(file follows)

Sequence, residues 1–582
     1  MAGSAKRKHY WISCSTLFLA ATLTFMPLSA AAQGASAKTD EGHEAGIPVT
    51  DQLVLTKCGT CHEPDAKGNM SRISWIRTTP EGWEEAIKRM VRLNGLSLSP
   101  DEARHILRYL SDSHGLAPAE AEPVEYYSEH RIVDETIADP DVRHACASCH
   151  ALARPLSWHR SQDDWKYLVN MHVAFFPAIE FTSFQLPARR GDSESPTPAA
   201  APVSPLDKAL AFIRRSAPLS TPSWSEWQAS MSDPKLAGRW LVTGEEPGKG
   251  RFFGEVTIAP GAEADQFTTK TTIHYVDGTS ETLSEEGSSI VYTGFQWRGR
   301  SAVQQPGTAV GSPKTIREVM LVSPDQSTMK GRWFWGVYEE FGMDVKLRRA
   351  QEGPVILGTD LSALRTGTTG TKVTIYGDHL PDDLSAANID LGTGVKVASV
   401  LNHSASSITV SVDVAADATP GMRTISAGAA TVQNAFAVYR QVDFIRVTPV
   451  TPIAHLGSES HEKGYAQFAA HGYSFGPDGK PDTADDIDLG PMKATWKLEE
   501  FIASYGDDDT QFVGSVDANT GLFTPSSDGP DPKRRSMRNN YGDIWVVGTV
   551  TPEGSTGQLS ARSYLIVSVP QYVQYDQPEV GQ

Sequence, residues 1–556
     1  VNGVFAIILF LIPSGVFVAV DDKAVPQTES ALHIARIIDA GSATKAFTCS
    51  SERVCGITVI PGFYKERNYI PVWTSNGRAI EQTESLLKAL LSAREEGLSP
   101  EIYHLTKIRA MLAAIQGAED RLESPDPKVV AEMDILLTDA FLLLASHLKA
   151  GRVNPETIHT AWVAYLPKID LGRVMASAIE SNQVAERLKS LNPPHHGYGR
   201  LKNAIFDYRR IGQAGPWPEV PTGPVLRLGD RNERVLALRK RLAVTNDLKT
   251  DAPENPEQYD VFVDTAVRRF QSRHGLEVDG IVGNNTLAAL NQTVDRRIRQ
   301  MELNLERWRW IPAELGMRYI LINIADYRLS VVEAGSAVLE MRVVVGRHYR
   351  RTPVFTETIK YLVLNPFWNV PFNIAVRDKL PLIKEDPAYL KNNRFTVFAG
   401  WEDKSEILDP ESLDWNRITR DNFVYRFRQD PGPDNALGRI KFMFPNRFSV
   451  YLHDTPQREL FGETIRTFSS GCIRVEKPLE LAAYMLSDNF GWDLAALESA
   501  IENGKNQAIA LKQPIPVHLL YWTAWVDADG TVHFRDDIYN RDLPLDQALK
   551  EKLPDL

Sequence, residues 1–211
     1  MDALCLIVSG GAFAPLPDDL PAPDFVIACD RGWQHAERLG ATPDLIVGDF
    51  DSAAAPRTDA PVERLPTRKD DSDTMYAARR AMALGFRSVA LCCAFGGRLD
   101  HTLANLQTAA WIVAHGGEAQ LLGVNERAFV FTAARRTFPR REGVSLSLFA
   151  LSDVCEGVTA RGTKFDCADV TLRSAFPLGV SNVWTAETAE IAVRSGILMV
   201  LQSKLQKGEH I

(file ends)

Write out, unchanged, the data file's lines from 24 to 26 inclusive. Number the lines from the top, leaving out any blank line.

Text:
   451  YLHDTPQREL FGETIRTFSS GCIRVEKPLE LAAYMLSDNF GWDLAALESA
   501  IENGKNQAIA LKQPIPVHLL YWTAWVDADG TVHFRDDIYN RDLPLDQALK
   551  EKLPDL